The U.S. economy needs more fiscal stimulus because monetary policy has little traction and government spending cuts threaten the expansion, Nobel Prize- winning economist Joseph Stiglitz said.
“What we need now is another round of stimulus to get out of the doldrums,” Stiglitz, a Columbia University professor, said today on the “Bloomberg Surveillance” television program with Tom Keene and Sara Eisen. “We can’t rely on exports given the weaknesses in Europe.”
Without President Barack Obama’s 2009 stimulus package, unemployment would have peaked at more than 12 percent instead of the 10 percent high it hit in October of that year, Stiglitz said. Now, he said America is undergoing austerity by a “slightly different name” with public-sector job losses that could undermine growth.
Since the latest recession began in December 2007, public payrolls have dropped by 511,000, according to Bureau of Labor Statistics data compiled by Bloomberg. The jobless rate was 7.6 percent in March and the economy added 88,000 jobs, the smallest gain in nine months and less than the lowest economist estimate in a Bloomberg survey.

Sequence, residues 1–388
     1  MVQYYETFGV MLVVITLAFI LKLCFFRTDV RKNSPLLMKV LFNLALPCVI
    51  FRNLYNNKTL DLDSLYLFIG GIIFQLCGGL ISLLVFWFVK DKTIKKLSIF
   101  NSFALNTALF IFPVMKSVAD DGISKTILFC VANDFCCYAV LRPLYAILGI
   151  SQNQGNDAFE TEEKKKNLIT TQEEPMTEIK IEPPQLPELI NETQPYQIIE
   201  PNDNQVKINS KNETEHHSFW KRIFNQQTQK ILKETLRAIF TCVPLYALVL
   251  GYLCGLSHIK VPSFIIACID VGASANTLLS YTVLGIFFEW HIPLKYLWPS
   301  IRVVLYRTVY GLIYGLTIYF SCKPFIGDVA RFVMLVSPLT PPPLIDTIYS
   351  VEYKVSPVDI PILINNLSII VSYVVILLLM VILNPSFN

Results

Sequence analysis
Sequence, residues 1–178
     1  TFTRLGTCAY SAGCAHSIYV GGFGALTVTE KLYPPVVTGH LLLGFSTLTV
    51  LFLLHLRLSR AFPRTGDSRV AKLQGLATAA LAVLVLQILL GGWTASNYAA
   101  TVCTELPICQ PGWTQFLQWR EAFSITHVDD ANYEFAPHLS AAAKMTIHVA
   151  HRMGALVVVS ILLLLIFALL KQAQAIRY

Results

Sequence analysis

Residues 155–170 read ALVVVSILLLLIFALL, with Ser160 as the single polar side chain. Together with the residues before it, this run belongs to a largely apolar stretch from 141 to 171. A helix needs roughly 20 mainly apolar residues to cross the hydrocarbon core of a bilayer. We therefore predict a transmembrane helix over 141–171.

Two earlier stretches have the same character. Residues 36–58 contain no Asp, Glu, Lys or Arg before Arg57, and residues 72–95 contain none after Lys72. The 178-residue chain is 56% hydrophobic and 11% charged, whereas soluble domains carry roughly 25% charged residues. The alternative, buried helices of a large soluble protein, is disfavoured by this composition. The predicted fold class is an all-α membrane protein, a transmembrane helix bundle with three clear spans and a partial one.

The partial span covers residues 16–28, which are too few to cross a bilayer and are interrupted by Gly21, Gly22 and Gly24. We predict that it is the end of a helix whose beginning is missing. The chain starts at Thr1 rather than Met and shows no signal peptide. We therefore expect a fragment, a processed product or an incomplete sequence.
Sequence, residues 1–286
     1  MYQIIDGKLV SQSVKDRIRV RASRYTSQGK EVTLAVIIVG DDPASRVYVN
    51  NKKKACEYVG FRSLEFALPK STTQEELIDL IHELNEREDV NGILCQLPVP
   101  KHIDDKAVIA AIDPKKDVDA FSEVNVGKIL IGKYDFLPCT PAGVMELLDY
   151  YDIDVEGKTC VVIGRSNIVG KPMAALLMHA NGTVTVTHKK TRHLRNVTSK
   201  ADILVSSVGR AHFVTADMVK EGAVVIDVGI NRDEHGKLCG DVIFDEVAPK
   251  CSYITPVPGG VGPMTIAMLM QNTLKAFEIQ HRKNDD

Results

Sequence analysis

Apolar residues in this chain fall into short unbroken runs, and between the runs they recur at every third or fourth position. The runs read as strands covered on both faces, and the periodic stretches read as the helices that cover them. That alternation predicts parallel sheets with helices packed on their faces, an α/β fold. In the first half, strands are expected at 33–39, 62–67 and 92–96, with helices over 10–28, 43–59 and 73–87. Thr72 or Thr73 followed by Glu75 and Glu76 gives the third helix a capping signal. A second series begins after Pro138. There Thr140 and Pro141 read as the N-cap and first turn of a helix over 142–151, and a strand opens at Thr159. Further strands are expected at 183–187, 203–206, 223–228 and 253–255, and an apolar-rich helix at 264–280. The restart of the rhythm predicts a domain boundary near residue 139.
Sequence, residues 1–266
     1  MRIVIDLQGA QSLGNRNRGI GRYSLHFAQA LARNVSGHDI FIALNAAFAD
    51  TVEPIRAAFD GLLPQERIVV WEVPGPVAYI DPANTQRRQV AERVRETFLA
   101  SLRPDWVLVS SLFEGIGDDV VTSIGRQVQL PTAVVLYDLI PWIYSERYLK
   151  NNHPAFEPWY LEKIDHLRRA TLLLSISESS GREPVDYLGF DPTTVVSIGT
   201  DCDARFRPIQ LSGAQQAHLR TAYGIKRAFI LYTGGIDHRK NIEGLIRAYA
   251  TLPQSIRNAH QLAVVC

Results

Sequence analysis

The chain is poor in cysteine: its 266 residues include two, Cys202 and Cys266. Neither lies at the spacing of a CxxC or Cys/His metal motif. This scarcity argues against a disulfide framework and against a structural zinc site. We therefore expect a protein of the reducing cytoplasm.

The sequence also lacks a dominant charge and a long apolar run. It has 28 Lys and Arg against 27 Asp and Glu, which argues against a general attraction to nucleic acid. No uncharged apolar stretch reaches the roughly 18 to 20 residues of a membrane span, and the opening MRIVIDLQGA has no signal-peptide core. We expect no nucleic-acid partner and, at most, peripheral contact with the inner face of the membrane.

To bolster growth, the U.S. must use fiscal policy because the central bank’s efforts “have very little effect,” at present, Stiglitz said. The Federal Reserve has been buying $85 billion in Treasuries and mortgage-backed securities each month in an effort to spur economic improvement.
Europe’s austerity measures, including those espoused by German Chancellor Angela Merkel, are also misguided, he said. Household budget rules don’t transfer to the larger economy, because when consumers watch their spending “it doesn’t have an systemic effect,” whereas government cutbacks reverberate through the economy.
“I wish Merkel could understand that,” Stiglitz said. “Austerity leads the economy to perform more poorly. It leads to more unemployment, lower wages and more inequality. There is no instance of a large economy getting to growth through austerity.”
Stiglitz is a former chief economist of the World Bank, and has worked as a member and chairman of the White House Council of Economic Advisers. He won his Nobel Prize in economics in 2001.
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